New home found for ‘dog tag’ exhibit honoring those killed in Vietnam War




by BRIAN NADIG

After a nearly 3-year search, the National Veterans Art Museum, 4041 N. Milwaukee Ave., has found a new home for its “Above and Beyond” exhibit that honors all of the U.S. military personnel killed in the Vietnam War.

Plans call for the memorial exhibit to be on display at the Harold Washington Library Center, 400 S. State St., from Feb. 20, 2016, to April 15, 2020.

The exhibit comprises of more than 58,000 hand-stamped replicated dog tags of every U.S. soldier killed during his or her service to the country during the war. The approximately 440 square-foot- exhibit is designed to hang from a ceiling, as a stainless steel wire is used to hold each dog tag in place.

The museum first displayed the exhibit in 2001 at its Near South Side facility at 1801 S. Indiana Ave., but the dog tags had to be placed in storage after the museum relocated to the Six Corners commercial district in 2012.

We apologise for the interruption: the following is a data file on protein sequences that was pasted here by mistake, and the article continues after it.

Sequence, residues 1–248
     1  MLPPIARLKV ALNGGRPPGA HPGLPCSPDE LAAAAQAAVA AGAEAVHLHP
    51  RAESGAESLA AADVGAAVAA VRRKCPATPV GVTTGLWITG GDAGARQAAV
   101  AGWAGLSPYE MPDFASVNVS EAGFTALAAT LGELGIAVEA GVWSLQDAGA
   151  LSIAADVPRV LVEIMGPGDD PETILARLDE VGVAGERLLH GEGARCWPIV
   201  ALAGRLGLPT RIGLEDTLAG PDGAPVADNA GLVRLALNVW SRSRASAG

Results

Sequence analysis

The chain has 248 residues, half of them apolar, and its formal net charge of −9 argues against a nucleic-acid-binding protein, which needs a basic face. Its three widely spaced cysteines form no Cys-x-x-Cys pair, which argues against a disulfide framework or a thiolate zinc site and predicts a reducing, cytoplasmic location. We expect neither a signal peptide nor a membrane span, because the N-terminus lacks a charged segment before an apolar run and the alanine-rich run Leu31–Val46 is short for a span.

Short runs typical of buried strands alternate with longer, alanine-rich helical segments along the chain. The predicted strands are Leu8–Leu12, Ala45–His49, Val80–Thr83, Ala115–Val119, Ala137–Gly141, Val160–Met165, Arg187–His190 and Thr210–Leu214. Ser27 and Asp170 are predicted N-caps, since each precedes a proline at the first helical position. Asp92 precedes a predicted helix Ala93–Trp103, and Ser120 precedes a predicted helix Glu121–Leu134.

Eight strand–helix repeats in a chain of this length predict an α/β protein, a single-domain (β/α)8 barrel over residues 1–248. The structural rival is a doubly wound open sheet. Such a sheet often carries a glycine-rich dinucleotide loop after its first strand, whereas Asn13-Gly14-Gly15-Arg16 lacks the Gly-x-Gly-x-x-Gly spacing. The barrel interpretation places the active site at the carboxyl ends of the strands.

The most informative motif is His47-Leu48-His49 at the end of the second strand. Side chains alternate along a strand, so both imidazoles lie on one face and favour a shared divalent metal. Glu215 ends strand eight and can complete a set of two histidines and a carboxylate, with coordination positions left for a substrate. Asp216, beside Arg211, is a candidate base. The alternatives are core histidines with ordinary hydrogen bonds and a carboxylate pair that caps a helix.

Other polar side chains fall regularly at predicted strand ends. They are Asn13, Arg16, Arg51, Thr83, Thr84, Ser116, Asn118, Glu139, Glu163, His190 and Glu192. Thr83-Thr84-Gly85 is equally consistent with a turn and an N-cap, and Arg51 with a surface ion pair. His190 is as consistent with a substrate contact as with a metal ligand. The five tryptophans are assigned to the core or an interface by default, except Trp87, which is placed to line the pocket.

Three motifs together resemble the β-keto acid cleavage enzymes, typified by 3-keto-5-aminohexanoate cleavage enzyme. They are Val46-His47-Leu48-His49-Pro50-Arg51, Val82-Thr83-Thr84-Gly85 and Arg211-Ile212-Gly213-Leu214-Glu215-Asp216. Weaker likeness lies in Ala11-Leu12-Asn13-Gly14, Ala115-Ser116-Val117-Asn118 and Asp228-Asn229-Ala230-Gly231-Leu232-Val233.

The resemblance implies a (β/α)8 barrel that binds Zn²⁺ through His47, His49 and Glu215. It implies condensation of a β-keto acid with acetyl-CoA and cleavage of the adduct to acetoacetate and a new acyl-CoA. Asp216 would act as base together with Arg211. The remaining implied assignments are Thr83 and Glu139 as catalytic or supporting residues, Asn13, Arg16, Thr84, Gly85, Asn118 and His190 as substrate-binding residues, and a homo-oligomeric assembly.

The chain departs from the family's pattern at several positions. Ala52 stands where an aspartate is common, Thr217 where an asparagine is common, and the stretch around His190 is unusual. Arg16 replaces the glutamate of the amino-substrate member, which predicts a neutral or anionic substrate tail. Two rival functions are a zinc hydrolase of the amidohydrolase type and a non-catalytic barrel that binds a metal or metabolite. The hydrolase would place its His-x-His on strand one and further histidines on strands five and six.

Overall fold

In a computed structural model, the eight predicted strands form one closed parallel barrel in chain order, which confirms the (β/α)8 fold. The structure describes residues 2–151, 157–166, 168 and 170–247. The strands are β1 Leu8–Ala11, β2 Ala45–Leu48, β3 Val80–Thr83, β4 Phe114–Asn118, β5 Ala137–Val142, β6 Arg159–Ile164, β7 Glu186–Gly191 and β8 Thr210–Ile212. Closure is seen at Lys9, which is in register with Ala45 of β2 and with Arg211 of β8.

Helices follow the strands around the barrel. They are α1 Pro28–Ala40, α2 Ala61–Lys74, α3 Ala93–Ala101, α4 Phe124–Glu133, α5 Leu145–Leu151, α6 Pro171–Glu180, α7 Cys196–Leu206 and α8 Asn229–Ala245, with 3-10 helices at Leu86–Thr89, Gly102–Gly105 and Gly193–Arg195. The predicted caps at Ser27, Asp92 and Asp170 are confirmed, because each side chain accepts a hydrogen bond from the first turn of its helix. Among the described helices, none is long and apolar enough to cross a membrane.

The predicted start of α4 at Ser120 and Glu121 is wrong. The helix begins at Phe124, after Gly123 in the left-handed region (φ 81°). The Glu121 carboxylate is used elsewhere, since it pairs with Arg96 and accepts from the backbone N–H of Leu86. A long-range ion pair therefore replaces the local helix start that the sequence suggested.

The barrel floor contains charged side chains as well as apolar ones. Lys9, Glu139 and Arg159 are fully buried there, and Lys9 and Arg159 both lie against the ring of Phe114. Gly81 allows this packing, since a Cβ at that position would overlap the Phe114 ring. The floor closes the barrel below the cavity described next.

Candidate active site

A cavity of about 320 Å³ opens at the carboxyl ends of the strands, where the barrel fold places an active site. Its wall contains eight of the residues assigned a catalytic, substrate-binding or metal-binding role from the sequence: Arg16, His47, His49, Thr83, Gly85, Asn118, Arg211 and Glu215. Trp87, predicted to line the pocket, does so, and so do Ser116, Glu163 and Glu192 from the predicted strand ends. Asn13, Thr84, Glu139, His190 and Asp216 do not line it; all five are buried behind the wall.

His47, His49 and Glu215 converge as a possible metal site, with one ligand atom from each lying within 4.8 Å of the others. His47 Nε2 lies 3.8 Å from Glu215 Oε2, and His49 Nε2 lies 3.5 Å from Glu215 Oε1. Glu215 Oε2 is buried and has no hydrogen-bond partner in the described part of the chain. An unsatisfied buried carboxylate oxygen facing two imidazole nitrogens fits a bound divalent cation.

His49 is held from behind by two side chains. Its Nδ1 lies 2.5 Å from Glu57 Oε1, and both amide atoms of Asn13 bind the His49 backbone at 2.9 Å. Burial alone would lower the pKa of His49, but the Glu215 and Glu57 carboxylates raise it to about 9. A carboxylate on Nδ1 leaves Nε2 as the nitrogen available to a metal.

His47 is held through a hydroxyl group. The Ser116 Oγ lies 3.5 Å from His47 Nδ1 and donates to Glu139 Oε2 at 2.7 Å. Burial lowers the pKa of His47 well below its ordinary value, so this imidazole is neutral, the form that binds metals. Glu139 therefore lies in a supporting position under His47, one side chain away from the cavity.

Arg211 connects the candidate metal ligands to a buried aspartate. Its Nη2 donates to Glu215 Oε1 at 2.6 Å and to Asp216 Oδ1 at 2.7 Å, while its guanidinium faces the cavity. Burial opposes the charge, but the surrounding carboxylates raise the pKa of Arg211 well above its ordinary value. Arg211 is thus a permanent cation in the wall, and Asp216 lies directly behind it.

Museum chairman Lionel Rabb said that the new facility did not have the space to accommodate the hanging of the exhibit and the subsequent crowds which it would have attracted. “People call everyday looking for it,” Rabb said. “It’s a very powerful piece.”

The exhibit was commissioned by the museum and created by veterans Rick Steinbock, Ned Broderick, Joe Fornelli and Mike Helbing. The museum’s roots date back to 1981 when a group of Vietnam veterans put together an art exhibition depicting their experiences in Vietnam, leading to the formation of the Vietnam Veterans Art Group, which 15 years later helped open the museum on Indiana.

“Chicago Public Library is extremely proud to feature the ‘Above and Beyond’ exhibit at the Harold Washington Library Center,” library commissioner Brian Bannon said. “It is so important that the people of Chicago see their library as a place where ideas are brought to life and shared, whether it be through a book, picture, story or a highly impactful piece of art.”

The museum is conducting an inventory of the dog tags, and new ones will be created if any names of those killed in the war have been left out, Rabb said.

The installation of the exhibit at the library is being funded through grants from the Pritzker Military Museum and Library and the Rabb Family Foundation.




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